Re:The question is (2, Informative)

Syncdata (596941) | more than 3 years ago | (#32750788)

A few rebuttles to your comment and others on this thread. Downloaded plugins and such are not necessary on a website for malware to transfer. All that is necessary is for an advertisement to load which contains the means for a cross site scripting attack. You don't even have to click on anything once you visit the site.

And yes, these attacks happen on totally legitimate sites that are not very discriminating on the ads they run, or whose admins do not properly defend their server against worms/ teh h4x.

XSS attacks are the #1 growing attack technique by far. As long as there is money to be made in infecting computers, techniques will get more advanced as offense is always ahead of defense in terms of Malware/AV software. Simple image and video content is all you need to transfer malware.

I wish it was as easy as saying "Obey these 3 rules and you will not be infected", but that is simply not the case anymore. The people that write this software are honest to God,legitimate, Software Developers. You don't have to like em, but you do have to respect em.

The only way to be 100% certain that you do not end up with malware at the end of the day is not AV software, it's not being cautious, it's not using a mac or linux, it's virtualized environments. And one of these days, even that might not be a panacea.

Re:The question is (4, Funny)

commodore64_love (1445365) | more than 3 years ago | (#32747520)

So however you look at it, you get fucked.

The Answer is... (0)

Anonymous Coward | more than 3 years ago | (#32747908)

If you want to rob people, you go to the busiest places.

So really if you use a search engine, and search for the most popular things then you may as well assume you are going to find something.

you want to view porn and not get bugs, run a different OS in a virtual machine, turn of javascipt in the browser and don't install flash. Or use a PS3!

Re:The question is (1)

ottothecow (600101) | more than 3 years ago | (#32750200)

VLC?

I have watched stuff accelerated with audio that seemed fine (there is something to correct for the chipmunk effect) and most of their features are platform independent.

Re:The question is (1, Insightful)

nacturation (646836) | more than 3 years ago | (#32747590)

Further actual numbers mean little - what percentage of porn sites are infected (or deliberately take malware related action) as opposed to legitimate sites?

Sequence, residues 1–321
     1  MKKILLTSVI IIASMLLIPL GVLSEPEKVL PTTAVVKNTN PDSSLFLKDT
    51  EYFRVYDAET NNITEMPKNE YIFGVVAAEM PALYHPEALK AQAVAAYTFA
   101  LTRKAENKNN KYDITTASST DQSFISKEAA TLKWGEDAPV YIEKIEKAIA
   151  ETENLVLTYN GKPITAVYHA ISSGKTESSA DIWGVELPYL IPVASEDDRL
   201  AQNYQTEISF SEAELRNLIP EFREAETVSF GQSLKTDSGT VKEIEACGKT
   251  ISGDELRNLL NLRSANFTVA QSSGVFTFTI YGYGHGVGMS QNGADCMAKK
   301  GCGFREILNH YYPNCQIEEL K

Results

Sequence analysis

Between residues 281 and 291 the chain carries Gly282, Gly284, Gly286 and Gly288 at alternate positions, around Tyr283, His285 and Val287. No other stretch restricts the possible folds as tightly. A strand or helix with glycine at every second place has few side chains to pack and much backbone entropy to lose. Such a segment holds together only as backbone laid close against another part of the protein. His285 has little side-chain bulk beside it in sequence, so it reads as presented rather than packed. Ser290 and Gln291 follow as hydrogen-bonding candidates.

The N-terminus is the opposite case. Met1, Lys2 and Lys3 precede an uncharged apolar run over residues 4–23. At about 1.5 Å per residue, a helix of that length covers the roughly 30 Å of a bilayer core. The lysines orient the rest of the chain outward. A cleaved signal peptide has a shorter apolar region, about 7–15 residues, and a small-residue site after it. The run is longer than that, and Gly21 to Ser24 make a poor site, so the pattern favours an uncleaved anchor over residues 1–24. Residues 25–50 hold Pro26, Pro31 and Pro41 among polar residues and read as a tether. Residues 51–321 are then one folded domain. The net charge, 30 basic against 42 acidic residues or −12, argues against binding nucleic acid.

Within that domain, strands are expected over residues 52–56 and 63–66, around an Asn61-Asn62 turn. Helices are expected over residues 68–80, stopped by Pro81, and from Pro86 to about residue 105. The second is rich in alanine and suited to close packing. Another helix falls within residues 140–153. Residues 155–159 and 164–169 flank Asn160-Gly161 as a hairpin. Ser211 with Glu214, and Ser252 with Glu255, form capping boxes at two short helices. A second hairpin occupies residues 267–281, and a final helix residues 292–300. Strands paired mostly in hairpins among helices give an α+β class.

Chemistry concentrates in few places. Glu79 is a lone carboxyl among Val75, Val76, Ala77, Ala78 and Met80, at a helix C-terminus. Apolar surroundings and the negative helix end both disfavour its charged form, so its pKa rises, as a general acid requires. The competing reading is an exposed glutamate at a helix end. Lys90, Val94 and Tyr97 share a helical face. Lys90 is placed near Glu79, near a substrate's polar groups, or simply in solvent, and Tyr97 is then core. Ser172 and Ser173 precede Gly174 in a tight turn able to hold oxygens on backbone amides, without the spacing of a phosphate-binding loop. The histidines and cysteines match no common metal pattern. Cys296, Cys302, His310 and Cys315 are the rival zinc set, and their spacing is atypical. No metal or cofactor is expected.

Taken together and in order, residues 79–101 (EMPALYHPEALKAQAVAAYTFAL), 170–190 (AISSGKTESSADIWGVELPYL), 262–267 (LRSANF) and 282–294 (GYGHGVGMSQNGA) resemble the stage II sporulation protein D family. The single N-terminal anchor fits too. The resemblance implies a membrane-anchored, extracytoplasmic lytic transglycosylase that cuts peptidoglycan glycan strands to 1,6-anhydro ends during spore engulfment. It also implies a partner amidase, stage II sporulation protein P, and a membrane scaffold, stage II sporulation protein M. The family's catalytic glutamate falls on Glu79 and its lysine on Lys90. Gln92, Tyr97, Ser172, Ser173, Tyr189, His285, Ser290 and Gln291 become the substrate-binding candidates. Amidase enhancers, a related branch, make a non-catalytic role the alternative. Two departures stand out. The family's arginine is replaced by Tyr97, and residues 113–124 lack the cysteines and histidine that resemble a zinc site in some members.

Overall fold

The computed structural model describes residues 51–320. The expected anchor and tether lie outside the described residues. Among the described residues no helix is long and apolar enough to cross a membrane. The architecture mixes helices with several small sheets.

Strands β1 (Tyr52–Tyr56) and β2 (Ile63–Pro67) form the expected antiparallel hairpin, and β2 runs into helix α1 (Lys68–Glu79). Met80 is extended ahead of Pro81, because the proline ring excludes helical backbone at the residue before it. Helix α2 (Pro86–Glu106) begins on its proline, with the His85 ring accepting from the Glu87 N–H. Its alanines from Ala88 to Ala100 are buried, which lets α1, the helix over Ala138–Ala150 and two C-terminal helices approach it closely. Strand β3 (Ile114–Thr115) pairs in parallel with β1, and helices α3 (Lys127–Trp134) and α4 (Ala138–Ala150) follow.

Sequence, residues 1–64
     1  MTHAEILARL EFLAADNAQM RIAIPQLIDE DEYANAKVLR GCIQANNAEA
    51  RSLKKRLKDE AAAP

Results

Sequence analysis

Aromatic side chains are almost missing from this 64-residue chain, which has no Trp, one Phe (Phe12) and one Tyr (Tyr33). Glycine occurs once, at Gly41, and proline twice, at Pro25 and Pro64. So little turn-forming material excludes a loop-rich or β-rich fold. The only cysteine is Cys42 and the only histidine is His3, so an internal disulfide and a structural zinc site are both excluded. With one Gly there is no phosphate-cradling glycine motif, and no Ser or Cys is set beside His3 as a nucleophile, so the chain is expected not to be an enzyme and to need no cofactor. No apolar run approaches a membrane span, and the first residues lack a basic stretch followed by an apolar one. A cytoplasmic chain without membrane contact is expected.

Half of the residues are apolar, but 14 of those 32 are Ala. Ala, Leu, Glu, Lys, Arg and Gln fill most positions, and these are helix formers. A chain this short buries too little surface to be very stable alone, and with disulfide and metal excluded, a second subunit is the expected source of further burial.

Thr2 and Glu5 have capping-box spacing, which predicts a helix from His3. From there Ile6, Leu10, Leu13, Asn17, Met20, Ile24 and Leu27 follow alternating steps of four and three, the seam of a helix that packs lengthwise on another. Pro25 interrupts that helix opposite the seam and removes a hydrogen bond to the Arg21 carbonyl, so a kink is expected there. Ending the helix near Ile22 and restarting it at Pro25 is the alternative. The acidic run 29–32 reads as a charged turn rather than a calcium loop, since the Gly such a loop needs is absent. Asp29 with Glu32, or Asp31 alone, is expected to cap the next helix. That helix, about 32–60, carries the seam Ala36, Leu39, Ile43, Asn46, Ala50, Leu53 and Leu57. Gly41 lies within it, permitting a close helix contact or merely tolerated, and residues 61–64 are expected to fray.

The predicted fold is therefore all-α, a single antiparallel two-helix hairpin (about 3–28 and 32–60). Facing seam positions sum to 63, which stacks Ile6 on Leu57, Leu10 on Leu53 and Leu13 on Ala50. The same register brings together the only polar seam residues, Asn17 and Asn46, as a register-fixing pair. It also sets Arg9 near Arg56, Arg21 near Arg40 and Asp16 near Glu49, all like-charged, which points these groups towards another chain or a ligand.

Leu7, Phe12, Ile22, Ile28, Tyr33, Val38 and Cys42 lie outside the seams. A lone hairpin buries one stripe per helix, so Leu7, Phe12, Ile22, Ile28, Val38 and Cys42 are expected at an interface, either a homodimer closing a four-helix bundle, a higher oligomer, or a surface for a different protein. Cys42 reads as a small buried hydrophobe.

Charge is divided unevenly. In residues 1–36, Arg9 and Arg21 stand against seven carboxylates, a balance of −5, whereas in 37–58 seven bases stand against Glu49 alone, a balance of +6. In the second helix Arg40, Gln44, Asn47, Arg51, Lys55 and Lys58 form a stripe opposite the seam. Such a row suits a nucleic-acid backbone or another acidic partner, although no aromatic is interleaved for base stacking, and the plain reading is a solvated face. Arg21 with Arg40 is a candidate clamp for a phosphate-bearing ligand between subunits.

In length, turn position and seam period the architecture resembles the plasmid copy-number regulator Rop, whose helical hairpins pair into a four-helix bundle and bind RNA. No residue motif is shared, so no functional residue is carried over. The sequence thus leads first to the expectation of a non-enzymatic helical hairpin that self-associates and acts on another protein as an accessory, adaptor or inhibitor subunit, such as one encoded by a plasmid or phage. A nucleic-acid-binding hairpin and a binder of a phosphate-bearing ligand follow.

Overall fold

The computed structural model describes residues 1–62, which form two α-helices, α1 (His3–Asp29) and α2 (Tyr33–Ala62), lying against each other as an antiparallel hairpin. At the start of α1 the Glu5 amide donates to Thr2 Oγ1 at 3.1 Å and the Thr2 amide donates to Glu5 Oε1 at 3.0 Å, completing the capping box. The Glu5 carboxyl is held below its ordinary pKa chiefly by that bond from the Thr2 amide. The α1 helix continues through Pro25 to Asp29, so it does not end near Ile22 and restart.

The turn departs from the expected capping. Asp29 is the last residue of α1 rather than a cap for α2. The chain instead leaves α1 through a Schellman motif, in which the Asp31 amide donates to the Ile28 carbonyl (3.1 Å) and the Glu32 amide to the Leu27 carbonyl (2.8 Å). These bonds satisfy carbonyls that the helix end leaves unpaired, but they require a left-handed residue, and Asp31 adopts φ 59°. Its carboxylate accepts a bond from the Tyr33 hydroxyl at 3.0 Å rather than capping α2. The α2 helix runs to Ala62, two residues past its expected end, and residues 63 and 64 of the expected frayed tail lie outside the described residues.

Exactly. 99 regular sites infected to 1 porn site infected is rather telling if there are 1000 times more regular sites, which would mean that you have a ten-fold increase in risk on porn sites. As usual, this is a non-story that boils down to nothing more than a press release for Avast: "You're at risk! Buy our crap which will slow down your computer and probably won't detect much anyways!"

Re:The question is (3, Informative)

BenoitRen (998927) | more than 3 years ago | (#32748154)

Exactly. 99 regular sites infected to 1 porn site infected is rather telling if there are 1000 times more regular sites, which would mean that you have a ten-fold increase in risk on porn sites.

Way to miss the point, which is that avoiding porn sites doesn't mean you won't get infected. This proves that there are many regular sites out there that are infected, ratio of anything be damned.

As usual, this is a non-story that boils down to nothing more than a press release for Avast: "You're at risk! Buy our crap which will slow down your computer and probably won't detect much anyways!"

Avast is free. It even says so in the summary.

Re:The question is (0)

Anonymous Coward | more than 3 years ago | (#32748466)

As usual, this is a non-story that boils down to nothing more than a press release for Avast: "You're at risk! Buy our crap which will slow down your computer and probably won't detect much anyways!"

You're at risk! Install Linux!

Re:The question is (0)

Anonymous Coward | more than 3 years ago | (#32747664)

How many of those redirects lead to adult sites? A very large number I'd imagine.